7. Pricing: Find out how your provider calculates fees, based on collection frequency; actual weight of collected materials vs bin size; and type of materials. Remember it’s often more affordable to have a larger bin emptied fortnightly or even monthly. If your bins are half empty and you get charged the same amount as you would for a full bin, you’re not getting good value for money. Don’t be shy, ask to have a closer look at their cost strategies and see if they have a cost calculator to work out the best pricing. You also want to know about annual cost increases, any hidden fees, fees to make changes to the contract, and if the provider is offering incentives to maximise recycling. Specifically check if recycling and food bins are offered at lower rates than landfill. Food, for example, can be turned into compost - it’s a commodity. Ask how much you can save if you have a separate food / green bin. While a little time consuming at the start, it’s worth getting at least a couple of quotes to negotiate a good deal.
8. Acceptable items: Pay close attention to the items the provider cannot accept and why:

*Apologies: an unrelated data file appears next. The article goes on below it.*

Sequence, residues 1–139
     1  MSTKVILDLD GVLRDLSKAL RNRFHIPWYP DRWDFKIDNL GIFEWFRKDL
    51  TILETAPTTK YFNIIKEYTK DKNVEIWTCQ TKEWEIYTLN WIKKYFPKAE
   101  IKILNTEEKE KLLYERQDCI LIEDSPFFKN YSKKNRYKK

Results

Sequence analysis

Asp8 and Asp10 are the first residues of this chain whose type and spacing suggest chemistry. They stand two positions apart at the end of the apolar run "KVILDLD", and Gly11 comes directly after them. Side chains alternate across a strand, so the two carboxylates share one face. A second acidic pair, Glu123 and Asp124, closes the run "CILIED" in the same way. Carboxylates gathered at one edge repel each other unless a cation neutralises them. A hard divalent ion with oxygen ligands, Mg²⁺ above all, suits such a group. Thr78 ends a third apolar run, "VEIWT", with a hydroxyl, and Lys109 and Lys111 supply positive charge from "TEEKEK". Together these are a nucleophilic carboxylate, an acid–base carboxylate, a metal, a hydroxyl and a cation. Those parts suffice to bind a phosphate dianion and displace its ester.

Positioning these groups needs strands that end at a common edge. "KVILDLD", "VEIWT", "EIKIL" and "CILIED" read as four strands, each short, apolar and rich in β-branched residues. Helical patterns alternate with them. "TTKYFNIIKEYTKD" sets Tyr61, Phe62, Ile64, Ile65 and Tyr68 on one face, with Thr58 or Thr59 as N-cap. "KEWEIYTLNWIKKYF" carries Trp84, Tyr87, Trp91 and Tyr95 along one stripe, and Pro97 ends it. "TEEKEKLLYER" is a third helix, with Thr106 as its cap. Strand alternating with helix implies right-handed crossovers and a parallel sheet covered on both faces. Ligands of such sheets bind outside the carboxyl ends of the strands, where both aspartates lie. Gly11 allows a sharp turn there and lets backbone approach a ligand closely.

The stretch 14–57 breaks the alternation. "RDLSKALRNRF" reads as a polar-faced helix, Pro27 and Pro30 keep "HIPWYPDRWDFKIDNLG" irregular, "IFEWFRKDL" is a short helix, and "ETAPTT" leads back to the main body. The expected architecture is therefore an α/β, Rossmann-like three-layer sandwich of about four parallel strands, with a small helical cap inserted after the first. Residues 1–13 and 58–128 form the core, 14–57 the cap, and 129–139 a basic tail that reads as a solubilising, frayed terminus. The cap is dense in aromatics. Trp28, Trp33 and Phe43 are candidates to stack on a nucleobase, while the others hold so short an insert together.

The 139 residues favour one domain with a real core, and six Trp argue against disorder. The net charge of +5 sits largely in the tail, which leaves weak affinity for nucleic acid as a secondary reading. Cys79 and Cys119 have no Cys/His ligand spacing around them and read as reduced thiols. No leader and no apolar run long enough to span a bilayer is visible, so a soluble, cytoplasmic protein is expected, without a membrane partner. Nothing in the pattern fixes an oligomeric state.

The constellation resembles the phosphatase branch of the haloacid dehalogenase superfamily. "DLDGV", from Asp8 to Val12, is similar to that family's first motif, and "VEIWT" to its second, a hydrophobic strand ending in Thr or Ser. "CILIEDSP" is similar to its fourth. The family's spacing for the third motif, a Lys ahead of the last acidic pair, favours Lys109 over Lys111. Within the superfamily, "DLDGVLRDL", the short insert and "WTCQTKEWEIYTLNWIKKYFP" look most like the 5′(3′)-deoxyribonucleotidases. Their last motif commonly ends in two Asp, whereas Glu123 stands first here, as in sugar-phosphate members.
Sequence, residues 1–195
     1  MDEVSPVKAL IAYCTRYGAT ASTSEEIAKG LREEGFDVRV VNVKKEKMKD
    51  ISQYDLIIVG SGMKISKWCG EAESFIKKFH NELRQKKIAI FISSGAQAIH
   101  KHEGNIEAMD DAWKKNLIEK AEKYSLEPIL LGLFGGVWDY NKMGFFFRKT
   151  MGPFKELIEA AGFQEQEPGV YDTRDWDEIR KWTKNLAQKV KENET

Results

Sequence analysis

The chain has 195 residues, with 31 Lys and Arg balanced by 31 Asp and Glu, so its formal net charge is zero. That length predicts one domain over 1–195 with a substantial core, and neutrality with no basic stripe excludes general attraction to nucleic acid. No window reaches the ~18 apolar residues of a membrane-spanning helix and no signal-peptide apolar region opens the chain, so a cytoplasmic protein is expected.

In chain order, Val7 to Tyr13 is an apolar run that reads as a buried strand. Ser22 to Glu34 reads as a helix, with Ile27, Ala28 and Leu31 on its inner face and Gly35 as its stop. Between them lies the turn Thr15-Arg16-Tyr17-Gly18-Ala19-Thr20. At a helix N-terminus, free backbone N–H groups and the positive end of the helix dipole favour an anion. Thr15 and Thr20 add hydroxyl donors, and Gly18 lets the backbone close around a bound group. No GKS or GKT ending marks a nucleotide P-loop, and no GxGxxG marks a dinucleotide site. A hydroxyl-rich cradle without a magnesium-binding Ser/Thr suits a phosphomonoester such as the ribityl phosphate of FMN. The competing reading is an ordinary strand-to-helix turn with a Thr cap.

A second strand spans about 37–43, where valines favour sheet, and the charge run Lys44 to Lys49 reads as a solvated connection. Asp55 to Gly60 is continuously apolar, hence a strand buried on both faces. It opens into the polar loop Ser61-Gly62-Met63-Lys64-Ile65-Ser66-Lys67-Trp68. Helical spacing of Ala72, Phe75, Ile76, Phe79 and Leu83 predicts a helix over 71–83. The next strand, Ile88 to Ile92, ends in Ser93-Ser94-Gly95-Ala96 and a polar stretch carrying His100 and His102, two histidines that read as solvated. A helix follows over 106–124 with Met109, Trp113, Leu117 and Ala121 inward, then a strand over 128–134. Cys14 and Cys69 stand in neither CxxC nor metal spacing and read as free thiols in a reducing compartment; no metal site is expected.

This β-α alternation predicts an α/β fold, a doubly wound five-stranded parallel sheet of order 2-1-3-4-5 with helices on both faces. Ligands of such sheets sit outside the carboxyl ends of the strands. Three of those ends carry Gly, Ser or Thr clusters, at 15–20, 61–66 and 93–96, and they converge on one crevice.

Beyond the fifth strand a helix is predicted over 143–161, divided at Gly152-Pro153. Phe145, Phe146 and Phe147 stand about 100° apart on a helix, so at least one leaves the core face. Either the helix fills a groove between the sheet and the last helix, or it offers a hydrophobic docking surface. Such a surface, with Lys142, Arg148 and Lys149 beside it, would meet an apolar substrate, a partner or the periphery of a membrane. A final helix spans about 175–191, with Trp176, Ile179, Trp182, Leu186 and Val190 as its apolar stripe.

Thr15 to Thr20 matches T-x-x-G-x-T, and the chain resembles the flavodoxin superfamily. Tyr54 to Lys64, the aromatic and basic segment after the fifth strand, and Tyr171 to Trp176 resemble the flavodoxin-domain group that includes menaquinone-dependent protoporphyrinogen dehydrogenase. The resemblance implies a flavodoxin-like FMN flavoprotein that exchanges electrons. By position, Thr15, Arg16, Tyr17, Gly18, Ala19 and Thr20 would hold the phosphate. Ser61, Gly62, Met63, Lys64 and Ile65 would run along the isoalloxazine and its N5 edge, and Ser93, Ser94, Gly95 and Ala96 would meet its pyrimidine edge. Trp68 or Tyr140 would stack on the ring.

Can all food waste types be accepted? Providers should be able to collect most types of food waste but there may be some items where they are limited (e.g. oyster or mussel shells).
Plastic- what types of plastic can they NOT recycle? Remember the plastic recycling landscape is changing due to export bans and supply of recycled plastic exceeding demand. Many providers will therefore only accept high quality plastics and you’ll want to know if your materials are accepted before you’re locked into a contract.
What about hazardous materials? If you have hazardous materials (e.g. lubricants, chemicals, oils), it’s best to let the provider know early as they may not have the ability to remove them. They should be able to provide advice and point you in the right direction.
If certain items are not acceptable, don’t hesitate to ask ‘why’ and if they can provide an alternative solution.
9. Training: some providers assist with initial audits to help you reduce your waste and improve your recycling efforts. Check if they provide free training for staff and contractors (e.g. cleaners) as this can be really helpful in reducing bin contamination and volume, which in turn can save you a lot of money. Lastly, ask if they provide bin signage and posters to help you communicate with the wider team and customers (depending on your business). If you’re located in a strip of shops with shared bin locations, it’s important to communicate with other businesses and have clear signage to ensure your bins are being used correctly.